Doesn’t bother me as I forget about me, neither does this article. So what? – all sorts of microscopic “things” must be going on outside and inside one’s body. It doesn’t itch on me. I’m sorry to hear about other people’s misery with this condition.

  36. …Both species are sausage-shaped, with eight stubby legs clustered in their front third. At a third of a millimetre long, D.folliculorum is the bigger of the two…

    Is that 1/3 mm length correct? Seems a tad large – enough to see with naked eye…and we cant have that!

    Great article, thanks.

  37. I have never seen a bug or anything crawling in my bed or on my body or hair
    How do you know you have these things? My hair and skin is healthy and I never had any redness or any marks on my face or body

  38. Susan Courtnay

    Oh WOW! I love gross human physiology stuff! I will definitely be talking to my high school science students about this. I have recently started to suffer from itchy, stinging eyes in the morning with a little crust along the eyelash area. Since I am going to be officially “old” in a couple of days (60) maybe I now have enough mites to cause me a problem. Think I’ll invest in some tea tree oil and see if it helps. I absolutely feel little microscopic feet marching cross the vast plains of my face, even sitting here in the daylight….have they adapted already??!! ARGGG..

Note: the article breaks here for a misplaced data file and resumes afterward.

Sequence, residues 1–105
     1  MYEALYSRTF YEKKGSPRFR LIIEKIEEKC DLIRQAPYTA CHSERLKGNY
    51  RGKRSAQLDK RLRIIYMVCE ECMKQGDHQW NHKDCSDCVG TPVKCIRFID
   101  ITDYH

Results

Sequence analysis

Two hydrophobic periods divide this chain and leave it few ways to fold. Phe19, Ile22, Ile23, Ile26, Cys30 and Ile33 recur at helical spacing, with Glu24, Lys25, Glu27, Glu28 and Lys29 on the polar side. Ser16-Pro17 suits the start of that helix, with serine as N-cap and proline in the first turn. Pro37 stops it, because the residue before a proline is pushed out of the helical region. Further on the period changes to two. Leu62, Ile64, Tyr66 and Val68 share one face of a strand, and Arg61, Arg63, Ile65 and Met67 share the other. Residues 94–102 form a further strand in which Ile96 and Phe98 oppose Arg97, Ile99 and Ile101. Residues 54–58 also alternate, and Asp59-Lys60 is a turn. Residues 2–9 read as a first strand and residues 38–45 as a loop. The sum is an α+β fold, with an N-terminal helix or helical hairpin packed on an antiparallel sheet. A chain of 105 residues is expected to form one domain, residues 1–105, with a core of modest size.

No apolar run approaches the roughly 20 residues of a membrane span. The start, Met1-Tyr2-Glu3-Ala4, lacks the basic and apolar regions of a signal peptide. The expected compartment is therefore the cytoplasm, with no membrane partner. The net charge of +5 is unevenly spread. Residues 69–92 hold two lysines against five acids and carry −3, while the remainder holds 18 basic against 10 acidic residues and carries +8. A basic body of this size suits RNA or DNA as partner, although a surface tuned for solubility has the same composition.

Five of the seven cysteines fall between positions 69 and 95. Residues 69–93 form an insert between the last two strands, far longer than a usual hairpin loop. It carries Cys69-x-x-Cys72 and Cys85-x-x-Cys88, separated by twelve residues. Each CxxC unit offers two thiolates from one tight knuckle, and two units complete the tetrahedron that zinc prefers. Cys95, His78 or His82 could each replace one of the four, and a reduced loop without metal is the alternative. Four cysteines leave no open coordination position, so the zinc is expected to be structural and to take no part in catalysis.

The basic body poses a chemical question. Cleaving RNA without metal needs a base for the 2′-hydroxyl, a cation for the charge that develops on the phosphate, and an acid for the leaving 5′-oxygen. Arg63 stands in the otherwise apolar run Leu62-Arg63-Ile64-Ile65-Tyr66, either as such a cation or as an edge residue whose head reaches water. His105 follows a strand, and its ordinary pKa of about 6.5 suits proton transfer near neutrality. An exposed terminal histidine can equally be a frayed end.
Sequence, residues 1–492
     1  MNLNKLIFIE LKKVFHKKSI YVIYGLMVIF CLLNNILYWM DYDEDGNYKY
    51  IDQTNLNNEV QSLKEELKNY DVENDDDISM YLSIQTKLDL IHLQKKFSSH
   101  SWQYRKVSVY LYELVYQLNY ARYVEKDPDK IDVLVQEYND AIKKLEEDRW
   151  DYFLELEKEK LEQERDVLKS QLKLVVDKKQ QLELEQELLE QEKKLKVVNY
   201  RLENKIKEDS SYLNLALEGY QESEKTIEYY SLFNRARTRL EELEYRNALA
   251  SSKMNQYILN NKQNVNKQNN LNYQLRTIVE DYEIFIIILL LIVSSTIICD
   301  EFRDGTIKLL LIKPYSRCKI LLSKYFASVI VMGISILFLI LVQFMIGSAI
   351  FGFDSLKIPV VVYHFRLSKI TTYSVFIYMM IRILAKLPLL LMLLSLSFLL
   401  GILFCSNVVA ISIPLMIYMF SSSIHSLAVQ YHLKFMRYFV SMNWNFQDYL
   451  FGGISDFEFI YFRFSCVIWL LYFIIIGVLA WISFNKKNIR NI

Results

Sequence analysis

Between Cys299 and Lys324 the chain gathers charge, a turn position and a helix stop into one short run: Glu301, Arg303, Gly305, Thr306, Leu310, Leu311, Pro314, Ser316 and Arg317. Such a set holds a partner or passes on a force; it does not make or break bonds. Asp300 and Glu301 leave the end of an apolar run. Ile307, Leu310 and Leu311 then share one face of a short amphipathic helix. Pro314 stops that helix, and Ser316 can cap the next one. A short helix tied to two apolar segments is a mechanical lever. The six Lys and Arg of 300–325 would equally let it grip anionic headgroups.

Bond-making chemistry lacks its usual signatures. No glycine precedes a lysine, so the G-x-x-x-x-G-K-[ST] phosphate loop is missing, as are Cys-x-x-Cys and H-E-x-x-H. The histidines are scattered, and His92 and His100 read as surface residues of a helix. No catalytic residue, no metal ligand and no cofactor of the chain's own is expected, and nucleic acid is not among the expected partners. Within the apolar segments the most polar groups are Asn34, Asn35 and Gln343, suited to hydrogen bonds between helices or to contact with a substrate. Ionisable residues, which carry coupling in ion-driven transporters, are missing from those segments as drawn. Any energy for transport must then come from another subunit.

39. Renee

    Thank you for spreading the word on this horrible secret problem. I have had it for a year now and determatologists don’t help. Tea tree helps a little, but I can’t find anything to kill them. It is very upsetting to see the trail of bites on my face EVERY day and know that these tiny monsters are winning the battle. Please someone find a way to get rid of them once and for all!

  40. R. J. Redfield

    Just an anecdote…

    I’ve been getting itchy red bumps on my face for years; now I think each might be caused by a mite dying and releasing its allergenic bacteria. The tea tree oil paper I read (http://bjo.bmj.com/content/89/11/1468.short) said it drove them from their happy homes. That sounded good – I don’t want to kill them in the pores and release their bacteria, I just want them to go away.

    So I’ve been wiping my face with tea tree oil every few days for the past month or so, washing it off after about 10 minutes. No more itchy red bumps!

  41. Eileen

    What a great read, my whole life I had basically clear skin on my face. The past year I went from clear as day to red clusters,bumps and pustules starting on my chin and slowly now up to my cheeks. My dermatologist has treated me for so many different things from fungal to skin infections. I have used so many creams. I finally had a biopsy last week and the results show and “over infestation” of these guys. I am not sure what it is she is ordering for me, but I will start treatment in a day or so. I am really excited to have an answer. My faces has felt (and looks) like I have poison ivy constantly. It is borderline unbearable for me.